At this point I should ask David L two questions.

    1) Which of the past three (lets go for past four) City Administrators he feels were particularly invested in the community’s greater good as evidenced by their “on stage” performance, and what they left behind. I’d even broaden the field and ask for a show of hands on any of the past 30 elected officials – CAVEAT – You can’t vote for yourself.

    2) Can you recall the local paper ever playing a leading role in pursuit of better government?

    My point(s) are three. 1) there’s little gold in them hills. 2) There’s less trust in those who are elected. 3) The pickin’s are slim.

    But that’s what makes PeytonField what it is… that and the colleges and the Downtown.

    October 9, 2007
  22. Anne Bretts said:

    I checked in from Ecuador to see what’s new and everyone still is bogged down in whether the heroin numbers are real and the meaning of a comment from a podcast three months ago…so sad, and yet not surprising.
    In most communities, a key group of citizens comes together and leads, encouraging people, working with government and bringing real ideas to the table with the enthusiasm to get them done.
    In Northfield the energy seems to be focused on an endless stream of criticism of anyone and everyone. Imagine a community where you have to forbid the police chief from holding a press conference…how about having a city where the police chief would be working so closely with everyone else that the issue would never come up???
    I believe the former and current administrators came here with high expectations of investing in the community, but left after it became clear that nothing would get done and they would be shredded in the process. I can tell you that the attitude in Eden Prairie is far more effective and open than here, and there are far larger problems and more numerous factions to balance. And the pay is better. Let’s face it, Northfield always will be a training ground for newer professionals, so local people need to run their own city…simple as that.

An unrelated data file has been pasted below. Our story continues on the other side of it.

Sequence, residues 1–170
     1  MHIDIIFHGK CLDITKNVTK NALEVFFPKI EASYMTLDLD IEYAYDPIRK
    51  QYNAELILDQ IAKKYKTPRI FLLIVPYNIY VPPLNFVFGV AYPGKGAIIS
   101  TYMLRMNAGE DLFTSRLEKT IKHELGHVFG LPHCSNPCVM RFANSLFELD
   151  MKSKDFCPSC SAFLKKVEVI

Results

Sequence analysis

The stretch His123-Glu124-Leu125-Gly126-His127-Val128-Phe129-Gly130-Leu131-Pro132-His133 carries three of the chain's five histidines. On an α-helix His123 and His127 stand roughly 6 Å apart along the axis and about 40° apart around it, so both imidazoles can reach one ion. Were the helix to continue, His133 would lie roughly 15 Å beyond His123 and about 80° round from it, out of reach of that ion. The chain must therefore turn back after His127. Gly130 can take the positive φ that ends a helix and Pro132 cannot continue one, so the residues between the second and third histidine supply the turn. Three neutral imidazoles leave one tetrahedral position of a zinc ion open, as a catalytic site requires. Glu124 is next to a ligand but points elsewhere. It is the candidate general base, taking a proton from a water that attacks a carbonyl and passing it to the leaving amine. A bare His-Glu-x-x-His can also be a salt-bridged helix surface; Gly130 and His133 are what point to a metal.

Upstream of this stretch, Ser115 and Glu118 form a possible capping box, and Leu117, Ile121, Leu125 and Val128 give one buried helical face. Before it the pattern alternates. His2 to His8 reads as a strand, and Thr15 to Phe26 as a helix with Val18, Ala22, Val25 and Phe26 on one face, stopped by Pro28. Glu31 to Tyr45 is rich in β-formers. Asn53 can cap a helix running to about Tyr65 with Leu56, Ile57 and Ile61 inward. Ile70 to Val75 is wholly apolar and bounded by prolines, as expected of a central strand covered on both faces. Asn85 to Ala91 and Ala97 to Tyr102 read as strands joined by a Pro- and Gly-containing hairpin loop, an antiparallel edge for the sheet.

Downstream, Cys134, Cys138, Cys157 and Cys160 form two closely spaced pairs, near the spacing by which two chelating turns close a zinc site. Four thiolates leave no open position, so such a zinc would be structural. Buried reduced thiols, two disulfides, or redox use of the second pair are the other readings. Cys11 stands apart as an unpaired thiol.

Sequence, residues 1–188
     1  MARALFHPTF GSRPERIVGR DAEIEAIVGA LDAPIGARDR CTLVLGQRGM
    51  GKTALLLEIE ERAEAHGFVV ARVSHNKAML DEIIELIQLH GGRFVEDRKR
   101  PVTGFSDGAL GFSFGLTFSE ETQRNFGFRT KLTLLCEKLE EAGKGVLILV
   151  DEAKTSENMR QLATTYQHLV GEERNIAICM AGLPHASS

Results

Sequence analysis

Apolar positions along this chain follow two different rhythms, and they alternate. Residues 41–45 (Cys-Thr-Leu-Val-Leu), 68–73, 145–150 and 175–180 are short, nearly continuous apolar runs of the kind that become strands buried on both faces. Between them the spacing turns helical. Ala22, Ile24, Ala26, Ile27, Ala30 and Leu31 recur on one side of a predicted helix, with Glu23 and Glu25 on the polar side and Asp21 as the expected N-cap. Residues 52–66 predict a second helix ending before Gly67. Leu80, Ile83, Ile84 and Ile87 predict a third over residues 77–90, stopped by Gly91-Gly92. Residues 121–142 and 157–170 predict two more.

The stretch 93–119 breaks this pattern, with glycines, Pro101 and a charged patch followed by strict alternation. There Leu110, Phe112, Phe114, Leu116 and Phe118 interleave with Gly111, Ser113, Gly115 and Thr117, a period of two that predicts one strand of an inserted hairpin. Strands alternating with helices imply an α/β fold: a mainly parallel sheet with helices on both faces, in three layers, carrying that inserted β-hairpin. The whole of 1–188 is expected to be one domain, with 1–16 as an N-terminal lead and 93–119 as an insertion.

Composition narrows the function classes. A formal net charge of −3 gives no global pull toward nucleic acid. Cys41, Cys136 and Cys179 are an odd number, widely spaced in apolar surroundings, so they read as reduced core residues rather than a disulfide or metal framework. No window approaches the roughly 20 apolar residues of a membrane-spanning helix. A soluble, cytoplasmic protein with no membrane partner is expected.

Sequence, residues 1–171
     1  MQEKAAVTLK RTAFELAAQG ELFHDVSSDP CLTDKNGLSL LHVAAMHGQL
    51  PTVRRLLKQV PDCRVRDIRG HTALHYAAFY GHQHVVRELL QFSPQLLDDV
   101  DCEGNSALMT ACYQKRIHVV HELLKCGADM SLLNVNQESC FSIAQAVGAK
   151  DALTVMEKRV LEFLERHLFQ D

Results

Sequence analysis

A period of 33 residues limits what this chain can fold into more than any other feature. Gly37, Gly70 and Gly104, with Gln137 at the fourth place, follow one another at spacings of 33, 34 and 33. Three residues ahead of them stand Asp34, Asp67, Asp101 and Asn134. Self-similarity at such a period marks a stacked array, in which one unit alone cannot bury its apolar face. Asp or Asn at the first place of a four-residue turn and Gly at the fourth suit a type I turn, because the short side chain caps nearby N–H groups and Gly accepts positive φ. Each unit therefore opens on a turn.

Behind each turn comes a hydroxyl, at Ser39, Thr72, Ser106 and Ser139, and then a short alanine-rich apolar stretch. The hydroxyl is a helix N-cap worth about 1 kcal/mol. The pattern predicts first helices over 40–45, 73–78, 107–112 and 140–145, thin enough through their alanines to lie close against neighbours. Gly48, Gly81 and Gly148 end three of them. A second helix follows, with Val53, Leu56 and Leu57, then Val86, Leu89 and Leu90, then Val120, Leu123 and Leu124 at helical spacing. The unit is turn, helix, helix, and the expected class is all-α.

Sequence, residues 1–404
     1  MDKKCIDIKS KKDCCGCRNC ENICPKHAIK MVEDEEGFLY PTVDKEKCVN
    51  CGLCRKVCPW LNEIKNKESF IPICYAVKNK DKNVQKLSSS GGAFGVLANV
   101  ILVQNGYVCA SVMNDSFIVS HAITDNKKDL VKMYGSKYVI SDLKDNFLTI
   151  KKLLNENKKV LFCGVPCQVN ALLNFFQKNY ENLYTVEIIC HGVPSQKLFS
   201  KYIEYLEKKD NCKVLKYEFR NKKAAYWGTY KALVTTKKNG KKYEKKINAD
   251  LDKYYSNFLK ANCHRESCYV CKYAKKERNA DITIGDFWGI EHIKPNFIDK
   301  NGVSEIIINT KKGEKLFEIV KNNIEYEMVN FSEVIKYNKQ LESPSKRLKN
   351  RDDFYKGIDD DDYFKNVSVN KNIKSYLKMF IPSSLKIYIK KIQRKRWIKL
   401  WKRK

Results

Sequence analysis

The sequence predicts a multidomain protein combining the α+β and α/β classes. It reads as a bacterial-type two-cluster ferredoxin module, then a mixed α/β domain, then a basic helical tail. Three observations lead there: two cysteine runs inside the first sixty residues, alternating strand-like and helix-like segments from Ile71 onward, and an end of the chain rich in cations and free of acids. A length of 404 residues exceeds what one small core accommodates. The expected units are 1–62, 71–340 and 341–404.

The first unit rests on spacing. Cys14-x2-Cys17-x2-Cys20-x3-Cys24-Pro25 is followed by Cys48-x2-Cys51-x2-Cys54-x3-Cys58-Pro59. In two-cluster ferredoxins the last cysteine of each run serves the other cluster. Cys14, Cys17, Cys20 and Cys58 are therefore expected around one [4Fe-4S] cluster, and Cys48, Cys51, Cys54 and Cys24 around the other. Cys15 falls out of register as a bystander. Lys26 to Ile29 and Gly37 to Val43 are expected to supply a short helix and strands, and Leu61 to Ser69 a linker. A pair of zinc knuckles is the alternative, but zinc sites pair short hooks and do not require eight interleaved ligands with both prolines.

I am not suggesting taking valium and tuning out the problems. The dog park got done because key people made it happen. The soccer fields were a true community effort. People are getting things done, but they aren’t willing to deal with the hassles and criticism of doing things through City Hall or running for office. It also seems that a generation of leaders who did so much together are nearing retirement, but don’t have a new generation of leaders to take over.
    It seems the Chamber and NDDC and League of Women Voters and Rotary and the PTOs and arts and sports folks could convene a town meeting and create a civic 5-year comprehensive plan for community improvement. In maybe three or four meetings, people could outline the main projects they’d like to see done and then divide up the work to get them done. City Hall? Library? Ice? Hwy 1, Hwy 19? A YMCA? A theater? There is some give and take in priorities, but everyone gets something out of the plan by agreeing to work on everything together.
    I have heard state and county officials say Northfield doesn’t get as much as it could in road and other projects because it doesn’t have a clear plan and doesn’t coordinate with other communites. Mill Towns Trail proves it can happen. We just need to replicate that formula in other areas.
    In the process, the leaders who have done so much in the past but are ready to pass the torch could identify the next generation and mentor them.